About the Book
In “prose that quietly sings” (Toronto Globe and Mail), one of Canada’s most gifted and rising writers debuts in the United States with a dark and spell-binding tale of the erotic and pang-ridden legacy of forbidden love.
In 1948 a handsome priest named August Day arrives in the well-ordered town of Mercy, Manitoba, to take over the church of St. Mary Immaculate. In his first service he marries the town butcher to Mathilda, the orphaned niece of the church housekeeper. During the wedding his eyes meet Mathilda’s, and from that point on the two can only see each other. The young bride retreats from her husband to spend more time at St. Mary’s, drawn to the perfumed silence of the pews, the low flicker of devotion, the husky voice of Father Day beyond the confessional screen. Their mutual obsession grows, leaving its scar on the town long after their love affair is over.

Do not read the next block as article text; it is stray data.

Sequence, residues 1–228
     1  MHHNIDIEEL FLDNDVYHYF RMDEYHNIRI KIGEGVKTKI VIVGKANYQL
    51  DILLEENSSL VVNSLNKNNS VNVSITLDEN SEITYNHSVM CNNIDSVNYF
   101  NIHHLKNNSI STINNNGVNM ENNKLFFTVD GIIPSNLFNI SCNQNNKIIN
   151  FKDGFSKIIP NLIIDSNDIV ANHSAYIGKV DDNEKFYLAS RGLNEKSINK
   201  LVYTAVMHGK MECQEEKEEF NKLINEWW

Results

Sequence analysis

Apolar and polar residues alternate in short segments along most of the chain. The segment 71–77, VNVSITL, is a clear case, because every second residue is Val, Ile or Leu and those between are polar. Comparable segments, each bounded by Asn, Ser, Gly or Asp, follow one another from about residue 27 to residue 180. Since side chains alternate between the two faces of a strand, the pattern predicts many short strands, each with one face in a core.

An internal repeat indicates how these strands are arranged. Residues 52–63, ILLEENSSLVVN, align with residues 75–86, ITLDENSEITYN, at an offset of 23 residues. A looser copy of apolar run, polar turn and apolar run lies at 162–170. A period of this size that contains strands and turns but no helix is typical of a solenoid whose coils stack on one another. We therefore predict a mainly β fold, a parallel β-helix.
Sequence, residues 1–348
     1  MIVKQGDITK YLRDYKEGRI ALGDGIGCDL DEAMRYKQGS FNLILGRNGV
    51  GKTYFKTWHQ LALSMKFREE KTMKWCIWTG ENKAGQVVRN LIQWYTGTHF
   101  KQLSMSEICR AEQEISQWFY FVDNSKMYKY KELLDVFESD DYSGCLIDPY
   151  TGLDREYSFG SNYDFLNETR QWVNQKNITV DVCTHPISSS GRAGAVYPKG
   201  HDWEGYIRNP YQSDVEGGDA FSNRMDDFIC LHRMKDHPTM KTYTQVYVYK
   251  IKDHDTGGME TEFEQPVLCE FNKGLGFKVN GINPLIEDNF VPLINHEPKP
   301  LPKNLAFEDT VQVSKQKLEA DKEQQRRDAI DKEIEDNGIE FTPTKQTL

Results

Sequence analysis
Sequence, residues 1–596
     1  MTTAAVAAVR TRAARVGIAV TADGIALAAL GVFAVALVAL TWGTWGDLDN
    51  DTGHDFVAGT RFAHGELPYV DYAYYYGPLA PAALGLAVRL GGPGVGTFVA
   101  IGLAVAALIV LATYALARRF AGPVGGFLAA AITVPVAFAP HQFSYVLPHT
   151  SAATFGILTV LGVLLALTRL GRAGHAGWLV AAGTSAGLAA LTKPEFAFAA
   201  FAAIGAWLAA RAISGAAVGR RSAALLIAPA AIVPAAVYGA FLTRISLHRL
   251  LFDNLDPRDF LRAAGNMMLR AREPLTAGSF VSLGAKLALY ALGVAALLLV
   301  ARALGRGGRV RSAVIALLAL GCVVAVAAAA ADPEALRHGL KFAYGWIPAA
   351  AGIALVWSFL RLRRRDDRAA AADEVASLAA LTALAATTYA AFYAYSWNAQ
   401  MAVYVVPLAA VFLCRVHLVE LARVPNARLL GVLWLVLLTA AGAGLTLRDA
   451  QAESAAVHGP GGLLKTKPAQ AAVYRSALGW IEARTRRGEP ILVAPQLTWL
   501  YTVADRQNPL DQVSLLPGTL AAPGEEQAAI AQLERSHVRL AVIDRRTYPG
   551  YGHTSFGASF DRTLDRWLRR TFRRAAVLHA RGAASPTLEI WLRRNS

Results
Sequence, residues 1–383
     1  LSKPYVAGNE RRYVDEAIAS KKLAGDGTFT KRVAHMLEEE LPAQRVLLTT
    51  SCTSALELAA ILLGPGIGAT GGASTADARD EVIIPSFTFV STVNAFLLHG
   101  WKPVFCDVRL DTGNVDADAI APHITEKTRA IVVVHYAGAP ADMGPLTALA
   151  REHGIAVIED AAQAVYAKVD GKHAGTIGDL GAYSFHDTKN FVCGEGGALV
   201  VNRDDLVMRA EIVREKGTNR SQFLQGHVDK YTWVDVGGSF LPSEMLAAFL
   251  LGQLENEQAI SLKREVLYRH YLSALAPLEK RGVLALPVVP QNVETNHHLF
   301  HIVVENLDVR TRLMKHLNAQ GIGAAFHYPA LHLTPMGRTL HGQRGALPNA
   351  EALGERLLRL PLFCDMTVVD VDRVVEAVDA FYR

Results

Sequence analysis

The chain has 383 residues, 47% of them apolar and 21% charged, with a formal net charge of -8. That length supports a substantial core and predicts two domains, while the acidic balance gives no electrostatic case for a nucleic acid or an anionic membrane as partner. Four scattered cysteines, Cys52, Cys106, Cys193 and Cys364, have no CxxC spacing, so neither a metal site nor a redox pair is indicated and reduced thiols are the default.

Half a century later, another kind of preacher comes to Mercy. A womanizing widower with a damaged daughter he doesn’t understand, the Reverend Carl Mann believes that the key to his life lies somewhere in the sprawling spruce bog north of town – perhaps in the hands of the woman who has lived her whole life in its heart.
In a crystalline style that recalls Alice Munro and Ann-Marie MacDonald, Alissa York paints a canvas of “pain, cruelty, passion and redemption set against a beautifully observed and delicately realized natural world” (Canadian Forum).
About the Author
In addition to Mercy, Alissa York’s novels include Effigy, which was shortlisted for the Scotiabank Giller Prize, and, most recently, Fauna. She is also the author of a collection of short fiction, Any Given Power, stories from which have won the Bronwen Wallace Award and the Journey Prize. She has lived all over Canada, and now makes her home in Toronto. For more information, please visit www.alissayork.com